View Single Post
12-29-2012, 01:23 PM
Mayor Bee
Mayor Bee's Avatar
Join Date: Dec 2008
Posts: 17,728
vCash: 500
Originally Posted by Kimota View Post
I agree about the trap, it's very detrimental to the game. But here's the thing about the talent pool though is that for example less and less kids play hockey in Canada and Canada should be the the NHL's biggest source of talent. And we can't rely on Europe to save us given their small population. The idea that let's go keep having expansions there's always gonna be players to fill these teams' jerseys is science-fiction, especially considering the reality of hockey in 2012: less available talent, bad markets, bad US economy.
First question: why should Canada be the NHL's biggest source of talent?

Second question: Are further inroads being made into Europe or not?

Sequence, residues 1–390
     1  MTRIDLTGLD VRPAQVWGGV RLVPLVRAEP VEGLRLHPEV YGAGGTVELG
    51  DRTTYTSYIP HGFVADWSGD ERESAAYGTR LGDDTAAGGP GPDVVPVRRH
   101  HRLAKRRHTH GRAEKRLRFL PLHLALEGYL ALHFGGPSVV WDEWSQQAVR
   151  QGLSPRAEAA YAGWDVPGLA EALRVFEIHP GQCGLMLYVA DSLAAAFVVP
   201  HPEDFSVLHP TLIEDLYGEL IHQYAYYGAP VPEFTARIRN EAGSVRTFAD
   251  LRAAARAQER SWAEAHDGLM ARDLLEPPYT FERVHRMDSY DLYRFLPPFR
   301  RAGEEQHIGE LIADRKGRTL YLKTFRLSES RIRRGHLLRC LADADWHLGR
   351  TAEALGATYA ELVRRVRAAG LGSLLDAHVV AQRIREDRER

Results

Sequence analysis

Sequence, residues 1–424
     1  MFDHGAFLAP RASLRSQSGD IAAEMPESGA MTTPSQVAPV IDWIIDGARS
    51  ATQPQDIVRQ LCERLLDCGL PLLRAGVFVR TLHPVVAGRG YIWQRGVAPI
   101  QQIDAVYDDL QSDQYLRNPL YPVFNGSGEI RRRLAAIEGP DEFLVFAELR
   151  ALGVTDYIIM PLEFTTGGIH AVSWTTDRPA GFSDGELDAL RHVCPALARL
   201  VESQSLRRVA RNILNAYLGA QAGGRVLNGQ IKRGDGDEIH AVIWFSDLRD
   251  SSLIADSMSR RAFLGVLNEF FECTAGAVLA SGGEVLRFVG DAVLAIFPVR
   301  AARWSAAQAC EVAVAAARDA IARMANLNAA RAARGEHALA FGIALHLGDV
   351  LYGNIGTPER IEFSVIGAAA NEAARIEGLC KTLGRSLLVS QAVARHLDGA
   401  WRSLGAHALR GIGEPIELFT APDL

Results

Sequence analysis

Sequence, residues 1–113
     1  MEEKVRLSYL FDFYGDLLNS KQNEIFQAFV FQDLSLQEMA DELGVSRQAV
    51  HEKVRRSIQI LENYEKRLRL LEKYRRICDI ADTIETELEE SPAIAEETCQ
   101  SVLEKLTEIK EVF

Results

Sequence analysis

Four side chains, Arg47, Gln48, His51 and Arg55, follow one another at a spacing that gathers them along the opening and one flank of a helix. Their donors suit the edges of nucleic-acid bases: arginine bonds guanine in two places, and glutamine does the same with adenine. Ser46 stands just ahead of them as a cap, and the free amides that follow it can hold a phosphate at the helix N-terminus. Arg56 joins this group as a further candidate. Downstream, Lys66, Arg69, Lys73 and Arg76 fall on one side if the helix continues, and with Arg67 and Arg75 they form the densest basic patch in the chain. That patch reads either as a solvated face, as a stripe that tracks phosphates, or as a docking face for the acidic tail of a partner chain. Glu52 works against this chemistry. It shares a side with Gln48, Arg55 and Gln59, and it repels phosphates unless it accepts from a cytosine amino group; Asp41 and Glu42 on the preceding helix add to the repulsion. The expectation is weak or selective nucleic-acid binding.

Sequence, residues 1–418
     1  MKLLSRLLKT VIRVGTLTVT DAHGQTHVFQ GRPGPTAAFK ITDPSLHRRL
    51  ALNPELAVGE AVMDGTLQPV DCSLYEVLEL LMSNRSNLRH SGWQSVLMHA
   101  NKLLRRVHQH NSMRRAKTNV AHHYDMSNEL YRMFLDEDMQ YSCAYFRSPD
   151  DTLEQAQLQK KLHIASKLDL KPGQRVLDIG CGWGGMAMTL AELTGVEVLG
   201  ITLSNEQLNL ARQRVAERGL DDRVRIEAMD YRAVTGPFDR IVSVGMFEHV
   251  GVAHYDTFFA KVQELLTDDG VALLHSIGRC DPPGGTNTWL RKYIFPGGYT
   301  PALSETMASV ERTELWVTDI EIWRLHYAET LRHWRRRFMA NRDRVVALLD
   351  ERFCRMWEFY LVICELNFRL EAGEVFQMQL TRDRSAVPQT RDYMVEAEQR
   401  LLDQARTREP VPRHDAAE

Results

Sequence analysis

For the smaller countries, here's how many NHL players they had in their history by 1996, and how many they've had since then:
Austria - 0 in 1996, 6 from 1997-2012
Denmark - 1 by 1996, 6 from 1997-2012
France - 4 by 1996, 3 from 1997-2012
Germany - 9 by 1996, 17 from 1997-2012
Norway - 1 by 1996, 6 from 1997-2012
Switzerland - 2 by 1996, 18 from 1997-2012

Not included are the USSR and former Soviet republics. I can also throw in IIHF rankings over time, which has seen Slovenia go from the bottom to the top division in less than 20 years, that has seen Hungary go from middling to the top division, that has seen Belarus and Latvia surge...

Third question: With natural population growth and shifts, why would there be less available talent even within already-developed countries? We haven't touched on the next wave of Swedish players; 10 years ago, they weren't producing anyone. Slovakia and the Czech Republic both went through an extended lull. And the United States was entirely confined to Minnesota, Massachusetts, and we've seen a resurgence in the European countries, and a huge influx of NHL talent from other American states.

Mayor Bee is offline   Reply With Quote